A gluten intolerant friend of mine once expressed her frustration in describing her condition to others.
“But what can you eat?” people would ask her.
The answer is complex. Gluten intolerance is a broad term. Some people may confuse gluten intolerance with celiac disease, which is also caused by gluten but is not the same condition. Celiac disease is an autoimmune disease that results in the immune system overreacting to the protein found in gluten. Antibodies are then released, which, over time, erode the body’s ability to process nutrition. Gluten intolerance, though it takes many forms, is the body’s instant reaction to a food component that it perceives to be an invader. Both conditions are treated primarily by following a gluten-free diet.
Those with gluten intolerance of some sort can still eat a wide range of foods, though they may have to be specially prepared. For instance, there is a range of alternative flours. Popular ones are rice flour and bean flour. However, when baking with these items it is typically advised to add agents such as xantham gum to help maintain the same texture in baked goods.
Cooking like this can, indeed, be a challenge. As first-year Kati Eason said, “The list of ingredients are all things that a college student doesn’t have money or time for.”
Luckily, in recent years many strides have been made to make more considerations for gluten intolerance. Gluten free items can be found in most mainstream grocery stores. Betty Crocker has a line of gluten free mixes. For something a little more upscale, Namaste Foods, found in Whole Foods and other specialty stores, has everything from biscuit mix to pizza crust.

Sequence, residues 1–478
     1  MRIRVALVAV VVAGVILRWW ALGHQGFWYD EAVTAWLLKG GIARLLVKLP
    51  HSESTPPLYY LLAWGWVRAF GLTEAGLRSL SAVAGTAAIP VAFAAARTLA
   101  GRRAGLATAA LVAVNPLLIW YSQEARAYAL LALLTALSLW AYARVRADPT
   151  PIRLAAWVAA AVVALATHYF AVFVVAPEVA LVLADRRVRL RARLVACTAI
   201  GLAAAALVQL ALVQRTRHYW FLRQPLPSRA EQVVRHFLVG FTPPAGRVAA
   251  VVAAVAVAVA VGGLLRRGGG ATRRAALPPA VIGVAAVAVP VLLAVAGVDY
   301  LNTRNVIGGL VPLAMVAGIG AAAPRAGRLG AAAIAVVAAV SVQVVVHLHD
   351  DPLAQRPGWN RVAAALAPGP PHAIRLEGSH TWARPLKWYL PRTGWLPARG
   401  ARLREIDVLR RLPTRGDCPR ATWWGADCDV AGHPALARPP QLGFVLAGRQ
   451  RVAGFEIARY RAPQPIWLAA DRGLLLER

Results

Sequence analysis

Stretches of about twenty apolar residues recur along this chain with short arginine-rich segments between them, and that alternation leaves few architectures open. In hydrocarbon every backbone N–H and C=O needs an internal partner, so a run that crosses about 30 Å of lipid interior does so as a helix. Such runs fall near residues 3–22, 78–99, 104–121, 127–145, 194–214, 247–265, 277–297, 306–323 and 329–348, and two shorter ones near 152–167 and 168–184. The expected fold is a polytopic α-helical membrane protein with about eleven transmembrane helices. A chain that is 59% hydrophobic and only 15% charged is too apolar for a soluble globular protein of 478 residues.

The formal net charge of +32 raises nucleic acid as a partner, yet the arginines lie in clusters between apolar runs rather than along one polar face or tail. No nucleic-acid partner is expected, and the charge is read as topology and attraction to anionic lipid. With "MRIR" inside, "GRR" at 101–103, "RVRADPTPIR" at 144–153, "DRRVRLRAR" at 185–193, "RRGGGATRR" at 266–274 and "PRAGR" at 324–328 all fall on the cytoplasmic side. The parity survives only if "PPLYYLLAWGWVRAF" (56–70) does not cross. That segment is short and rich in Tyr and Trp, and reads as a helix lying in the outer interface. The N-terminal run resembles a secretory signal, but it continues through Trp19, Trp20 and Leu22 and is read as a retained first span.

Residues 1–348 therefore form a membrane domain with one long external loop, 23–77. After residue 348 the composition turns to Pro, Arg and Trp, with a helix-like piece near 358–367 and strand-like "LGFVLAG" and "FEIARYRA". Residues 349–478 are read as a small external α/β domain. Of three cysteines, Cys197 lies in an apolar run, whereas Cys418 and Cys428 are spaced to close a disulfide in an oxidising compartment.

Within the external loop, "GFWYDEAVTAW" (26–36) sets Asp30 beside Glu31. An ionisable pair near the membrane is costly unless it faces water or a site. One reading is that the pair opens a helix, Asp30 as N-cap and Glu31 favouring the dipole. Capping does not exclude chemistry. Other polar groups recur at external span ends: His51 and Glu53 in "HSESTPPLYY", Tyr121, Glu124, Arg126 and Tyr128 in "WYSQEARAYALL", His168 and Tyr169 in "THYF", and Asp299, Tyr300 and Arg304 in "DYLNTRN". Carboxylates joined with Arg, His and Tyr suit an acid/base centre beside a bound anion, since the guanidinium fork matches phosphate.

However, Eason said, “Gluten is in so many foods, the obvious being breads and pastas, but it’s also in a lot of sauces and soups, too, because manufacturers add flour to thicken them. Gluten is pretty hard to avoid.”
The restrictions extend beyond the obvious. Fast food companies put wheat in meat patties to stretch them out. Also, many restaurants do not take precautions for the gluten intolerant or offer alternative menus, though some restaurants are beginning to.
Eason said, “French fries are also hard to eat, not because of the potatoes, but because they may be fried in oil that breaded things have been fried in, like onion rings. It’s definitely been hard to adjust to.”
It is hard, but not impossible. Even if you are not gluten intolerant, eating less gluten does have benefits, since a gluten free diet is devoid of refined wheat, such as white bread. This diet can lower cholesterol and increase energy.
Recipe of the Week
Gluten-Free Chocolate Financiers
6 tablespoons unsalted butter
1 cup almond flour*
4 tablespoons Dutch-process unsweetened cocoa powder
1/8 teaspoon salt
3/4 cup powdered sugar
1/3 cup egg whites (approx. two large)
1/4 teaspoon almond extract
Preheat the oven to 400°F. Lightly grease and flour financier molds or mini-muffin tins. Melt the butter in a small saucepan and set it aside until it reaches room temperature.
Mix the almond flour with the cocoa powder, salt, and powdered sugar. Stir the egg whites and almond extract into the almond mixture, then gradually stir in the melted butter until incorporated and smooth. Spoon the batter into the molds, filling them three-quarters full.
Bake the financiers for 10 to 15 minutes, until the cookies are slightly puffed and springy to the touch. Remove them from the oven and let cool completely before removing the financiers from the molds.
Once cooled, financiers can be kept in an airtight container at room temperature for up to one week.
* I made this by pulsing blanched almonds in the food processor until they were reduced to a powder.
Recipe courtesy of Smitten Kitchen, originally found in Gluten-Free Girl by David Lebovitz.